Speech by the Deputy Minister of the Department of
Telecommunications and Postal Services,
Hon. Prof. Hlengiwe Mkhize
During the Occasion
Women in Leadership Round Table Discussions
09 July 2015
I would like to take this opportunity and thank the organisers of this conference for the chance given to us as leaders from vast areas of the economy. Sharing of ideas, challenges and successes is always key in building one another as women for our greater participation in the mainstream economy.
Looking around in the developed and developing country one will realize that the most important determinant of a country’s competitiveness is its human capital and talent i.e. the skills, education and productivity of its workforce. Women account for half the potential talent base throughout the world, according to ITU’s year 2012 report “A bright future in ICT — opportunities for a new generation of women”.
Women Leadership in the Country
Women make up 36% of all entrepreneurs in South Africa; while they make up 52% of the total adult population in the country. This observation is not unusual in the world of work as women make up about 42% of Entrepreneurs in richer countries. As employers, women make up only 21.1% as compared to men.
The largest number of women entrepreneurs is in the retail trade. Women entrepreneurs are really the backbone of the informal economy. They often have to provide a living for families as overall 57% of all women entrepreneurs make a living outside of metropolitan areas. The second largest number of female business owners is in the clothing industry followed by economic and professional organizations.
Department’s Work with other Organizations
Organizations will be more profitable, more engaged, and more productive when the most important decisions are made by an equal proportion of men and women. The Department works together with an organizations such as, the South African Women in ICT Forum and the South African Communications Forum (SACF) to propel women inclusion in the sector. Amongst others we make use of the South African Women in ICT Forum to:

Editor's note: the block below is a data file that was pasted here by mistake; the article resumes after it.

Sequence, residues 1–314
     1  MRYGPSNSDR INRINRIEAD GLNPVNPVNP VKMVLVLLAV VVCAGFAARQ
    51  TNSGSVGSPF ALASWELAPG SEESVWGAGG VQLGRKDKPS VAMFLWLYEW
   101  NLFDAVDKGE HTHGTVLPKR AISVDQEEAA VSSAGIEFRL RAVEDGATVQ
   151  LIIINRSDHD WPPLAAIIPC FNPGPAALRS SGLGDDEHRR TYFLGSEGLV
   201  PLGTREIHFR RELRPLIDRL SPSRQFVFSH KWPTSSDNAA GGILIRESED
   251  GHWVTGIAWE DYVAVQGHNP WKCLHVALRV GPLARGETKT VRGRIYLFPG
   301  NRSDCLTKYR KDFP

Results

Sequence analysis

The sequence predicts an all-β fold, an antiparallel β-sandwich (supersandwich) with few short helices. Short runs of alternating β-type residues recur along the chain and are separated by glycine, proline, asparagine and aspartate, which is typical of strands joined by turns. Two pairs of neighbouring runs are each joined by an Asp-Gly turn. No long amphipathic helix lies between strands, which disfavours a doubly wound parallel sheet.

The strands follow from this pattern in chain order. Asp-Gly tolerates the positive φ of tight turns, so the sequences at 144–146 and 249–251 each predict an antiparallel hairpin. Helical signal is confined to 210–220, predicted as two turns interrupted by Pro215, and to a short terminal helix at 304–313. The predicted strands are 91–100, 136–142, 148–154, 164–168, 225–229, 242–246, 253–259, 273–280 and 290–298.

• Promote the advancement and representation of women professionals in the ICT industry;
• Actively participate in discussions around the ICT Charter as it relates to women empowerment; and
• Promote public awareness and understanding of the ICT industry, particularly amongst women in South Africa.
The South African Women in ICT Forum works with women CEOs, leadership teams, and high-potential women. These women are used as a hub for transformation. The work we do with the forum focuses on providing resources, education, career and professional development opportunities for women in the ICT industry, which may include inter alia to:
• Encourage, promote and facilitate tertiary study in ICT related fields of study to increase the entry of students and graduates into the ICT industry;
• Link ICT related public, private and academic institutions into an effective network to support interdisciplinary communications,
management innovation and professional development amongst women in ICT;
• Promote, uphold and enhance the highest relevant professional standards and principles in women leadership;
• Provide cohesive and coordinated continued professional development training and mentorship programmes in critical management areas to address knowledge and skills gaps of women professionals in the ICT industry; and
• Develop other programmes of actions aimed at achieving the stated vision and objectives of the Forum.
South African Communications Forum (SACF) is a non-Profit industry association which was formed in 2001. The SACF is a membership organization and a representative forum of all the stakeholders in the South African ICT sector. The South African Communications Forum (SACF) brings together the Public Sector, Private sector and civil society organizations with the goal of Building partnership in bridging the digital divide and creating an Information Society.